BOSTON - A child advocate sounded the alarm nearly three years ago that school regulators were investigating suspected abuse at day cares and residential schools by phone, FOX25 Investigates has learned.
Investigative Reporter Eric Rasmussen first uncovered in November that state license regulators at the Department of Early Education and Care were “phoning in” investigations of suspected abuse – rather than visiting residential schools and day cares in person.
Now, one child advocate tells FOX25 Investigates she raised concerns about the problem in emails to EEC in 2014 – but the agency failed to take action.
FOX25 Investigates obtained emails Angela Smith of HEAL sent to the agency, writing that investigators should have interviewed children in person at a residential school facing abuse allegations “instead of asking the program director by phone and leaving the investigation at that.”
“I think it’s outrageous,” Smith told FOX25. “In my years of child advocacy, I know that is not how you handle a special victim’s report.”
While the Department of Children and Families looks into specific allegations of abuse, EEC licensing inspectors investigate the school programs and day cares where suspected abuse happened.
Investigative Reporter Eric Rasmussen caught up with state Education Secretary Jim Peyser and asked why EEC is still conducting so many investigations by phone.
“So, phone investigations, as well as in-person investigations depend on the circumstances,” Peyser told FOX25 Investigates. “There's some judgment that has to be made about how to most effectively follow up on allegations.”
But Peyser also said EEC is asking for more money to do more in-person investigations.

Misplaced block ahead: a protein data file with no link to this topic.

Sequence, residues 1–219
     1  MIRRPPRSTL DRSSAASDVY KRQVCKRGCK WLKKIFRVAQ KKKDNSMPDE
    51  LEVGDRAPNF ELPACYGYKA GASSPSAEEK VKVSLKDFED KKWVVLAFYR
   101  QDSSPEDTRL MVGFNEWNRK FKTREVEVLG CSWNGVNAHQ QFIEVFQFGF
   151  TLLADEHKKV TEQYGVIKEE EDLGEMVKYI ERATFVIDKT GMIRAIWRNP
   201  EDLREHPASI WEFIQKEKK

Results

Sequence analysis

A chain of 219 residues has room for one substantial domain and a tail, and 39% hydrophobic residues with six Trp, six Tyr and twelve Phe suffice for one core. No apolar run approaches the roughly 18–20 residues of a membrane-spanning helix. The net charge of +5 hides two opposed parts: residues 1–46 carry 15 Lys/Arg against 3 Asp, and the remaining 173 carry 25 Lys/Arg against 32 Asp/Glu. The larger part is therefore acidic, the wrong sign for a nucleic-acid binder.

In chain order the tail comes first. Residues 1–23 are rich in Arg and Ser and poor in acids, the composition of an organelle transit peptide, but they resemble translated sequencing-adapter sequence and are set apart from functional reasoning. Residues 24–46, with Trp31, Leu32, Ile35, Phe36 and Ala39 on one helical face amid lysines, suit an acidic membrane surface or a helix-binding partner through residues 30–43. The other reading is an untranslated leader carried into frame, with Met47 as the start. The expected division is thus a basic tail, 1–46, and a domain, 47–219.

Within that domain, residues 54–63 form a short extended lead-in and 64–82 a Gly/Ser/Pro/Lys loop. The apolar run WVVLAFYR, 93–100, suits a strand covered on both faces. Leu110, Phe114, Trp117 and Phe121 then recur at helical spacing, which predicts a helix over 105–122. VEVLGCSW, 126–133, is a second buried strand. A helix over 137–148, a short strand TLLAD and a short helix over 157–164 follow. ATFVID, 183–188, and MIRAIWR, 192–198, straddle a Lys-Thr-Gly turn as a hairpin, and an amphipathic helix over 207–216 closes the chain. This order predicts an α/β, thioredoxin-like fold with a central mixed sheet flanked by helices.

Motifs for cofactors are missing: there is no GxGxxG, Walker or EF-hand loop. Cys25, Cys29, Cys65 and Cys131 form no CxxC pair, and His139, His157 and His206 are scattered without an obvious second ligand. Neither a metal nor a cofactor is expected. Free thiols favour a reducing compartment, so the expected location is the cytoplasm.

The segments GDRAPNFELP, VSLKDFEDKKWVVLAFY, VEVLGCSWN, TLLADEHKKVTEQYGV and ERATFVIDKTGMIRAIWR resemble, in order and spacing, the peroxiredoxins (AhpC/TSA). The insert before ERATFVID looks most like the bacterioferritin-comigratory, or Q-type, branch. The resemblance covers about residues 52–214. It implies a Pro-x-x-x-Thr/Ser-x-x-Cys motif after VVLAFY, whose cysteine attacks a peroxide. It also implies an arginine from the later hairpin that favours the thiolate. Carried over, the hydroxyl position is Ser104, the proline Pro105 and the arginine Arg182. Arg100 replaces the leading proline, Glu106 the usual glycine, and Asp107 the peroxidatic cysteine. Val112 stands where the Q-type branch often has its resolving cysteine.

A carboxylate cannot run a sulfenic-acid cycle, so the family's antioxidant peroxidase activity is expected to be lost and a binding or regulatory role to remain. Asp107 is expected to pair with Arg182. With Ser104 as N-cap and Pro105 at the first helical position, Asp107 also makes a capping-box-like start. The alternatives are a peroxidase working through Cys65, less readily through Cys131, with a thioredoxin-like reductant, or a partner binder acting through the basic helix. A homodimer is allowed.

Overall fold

“Hopefully we'll be able to build more capacity to do more of it, so we don't necessarily have to make choices that are sub-optimal,” said Peyser.
Last year, EEC Commissioner Tom Weber told state lawmakers his agency had just five investigators to oversee 9,000 day cares, after-school programs and residential schools across Massachusetts.
But Smith says she isn’t satisfied.
“Lack of funding is no excuse when children's lives are at risk,” said Smith.
FOX25 Investigates uncovered in November that the state agency in charge of overseeing day cares and school programs rarely opens investigations into complaints of neglect and abuse – a troubling pattern uncovered by FOX25 Investigates.
And when EEC did assign its school inspectors to look into complaints, FOX25 found that much of the work was done by phone – rather than visiting in person.
FOX25 Investigates reported in November that EEC opened nine investigation reports at Chamberlain International School, a residential school in Middleboro, over a year and a half but made just one in-person visit by an EEC investigator during that time.
Those reports detailed allegations of abuse, a school staff member meeting “fully naked” with a student and another student “dizzy and disoriented” and hospitalized after taking the wrong medication – all incidents EEC investigated by interviewing the school’s assistant director “via phone.”
A spokesman for Chamberlain School sent FOX25 Investigates an email this week saying it “self-reported” all of the cases in question to the state and insists “the proper state agency” – DCF – investigated those cases “on-site.”
“Chamberlain International School has faith in the state reporting and licensing agencies,” said the school in a statement.
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